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|Sound of slicing: High-intensity atomic-level sonic boomlets cause nanotubes to buckle and twist at “compression-concentration zones.” Credit: Kim Lab/Brown University|
Researchers at Brown University and in Korea have described the dynamics behind cutting single-walled carbon nanotubes, cylindrical structures just 1/50,000th the width of a human hair. The tubes are compressed by potent sonic booms, causing them to buckle at certain points at helical, 90-degree angles. The finding could lead to better-quality nanotubes for potential use in automotive, electronics, optics and other fields. Results appear in the Proceedings of the Royal Society A.
A pipefitter knows how to make an exact cut on a metal rod. But it's far harder to imagine getting a precise cut on a carbon nanotube, with a diameter 1/50,000th the thickness of a human hair.
In a paper published this month in the British journal Proceedings of the Royal Society A, researchers at Brown University and in Korea document for the first time how single-walled carbon nanotubes are cut, a finding that could lead to producing more precise, higher-quality nanotubes. Such manufacturing improvements likely would make the nanotubes more attractive for use in automotive, biomedicine, electronics, energy, optics and many other fields.
"We can now design the cutting rate and the diameters we want to cut," said Kyung-Suk Kim, professor of engineering in the School of Engineering at Brown and the corresponding author on the paper.
The basics of carbon nanotube manufacturing are known. Single-atom thin graphene sheets are immersed in solution (usually water), causing them to look like a plate of tangled spaghetti. The jumbled bundle of nanotubes is then blasted by high-intensity sound waves that create cavities (or partial vacuums) in the solution. The bubbles that arise from these cavities expand and collapse so violently that the heat in each bubble's core can reach more than 5,000 degrees Kelvin, close to the temperature on the surface of the sun. Meanwhile, each bubble compresses at an acceleration 100 billion times greater than gravity. Considering the terrific energy involved, it's hardly surprising that the tubes come out at random lengths. Technicians use sieves to get tubes of the desired length. The technique is inexact partly because no one was sure what caused the tubes to fracture.
Materials scientists initially thought the super-hot temperatures caused the nanotubes to tear. A group of German researchers proposed that it was the sonic boomlets caused by collapsing bubbles that pulled the tubes apart, like a rope tugged so violently at each end that it eventually rips.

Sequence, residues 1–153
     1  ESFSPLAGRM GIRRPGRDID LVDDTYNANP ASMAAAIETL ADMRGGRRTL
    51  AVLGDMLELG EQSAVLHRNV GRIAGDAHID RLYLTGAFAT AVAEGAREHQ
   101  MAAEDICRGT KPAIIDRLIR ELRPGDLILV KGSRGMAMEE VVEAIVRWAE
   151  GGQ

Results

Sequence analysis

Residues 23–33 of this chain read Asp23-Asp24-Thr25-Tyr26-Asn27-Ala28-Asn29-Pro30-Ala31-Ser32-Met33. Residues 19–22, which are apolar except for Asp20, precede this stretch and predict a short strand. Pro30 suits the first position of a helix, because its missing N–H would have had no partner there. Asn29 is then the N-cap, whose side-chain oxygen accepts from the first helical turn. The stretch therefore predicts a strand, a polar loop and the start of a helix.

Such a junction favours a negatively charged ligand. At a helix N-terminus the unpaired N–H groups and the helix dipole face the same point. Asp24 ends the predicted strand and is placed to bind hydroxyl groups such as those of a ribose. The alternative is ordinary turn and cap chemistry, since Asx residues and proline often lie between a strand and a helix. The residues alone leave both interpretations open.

Kim, Brown postdoctoral researcher Huck Beng Chew, and engineers at the Korea Institute of Science and Technology decided to investigate further. They crafted complex molecular dynamics simulations using an array of supercomputers to tease out what caused the carbon nanotubes to break. They found that rather than being pulled apart, as the German researchers had thought, the tubes were being compressed mightily from both ends. This caused a buckling in a roughly five-nanometer section along the tubes called the compression-concentration zone. In that zone, the tube is twisted into alternating 90-degree-angle folds, so that it fairly resembles a helix.
That discovery still did not explain fully how the tubes are cut. Through more computerized simulations, the group learned the mighty force exerted by the bubbles' sonic booms caused atoms to be shot off the tube's lattice-like foundation like bullets from a machine gun.
"It's almost as if an orange is being squeezed, and the liquid is shooting out sideways," Kim said. "This kind of fracture by compressive atom ejection has never been observed before in any kind of materials."
The team confirmed the computerized simulations through laboratory tests involving sonication and electron microscopy of single-walled carbon nanotubes.
The group also learned that cutting single-walled carbon nanotubes using sound waves in water creates multiple kinks, or bent areas, along the tubes' length. The kinks are "highly attractive intramolecular junctions for building molecular-scale electronics," the researchers wrote.
Huck Beng Chew, a postdoctoral researcher in Brown's School of Engineering, is the first author on the paper. Myoung-Woon Moon and Kwang Ryul Lee, from the Korea Institute of Science and Technology, contributed to the research. The U.S. National Science Foundation and the Korea Institute of Science and Technology funded the work.
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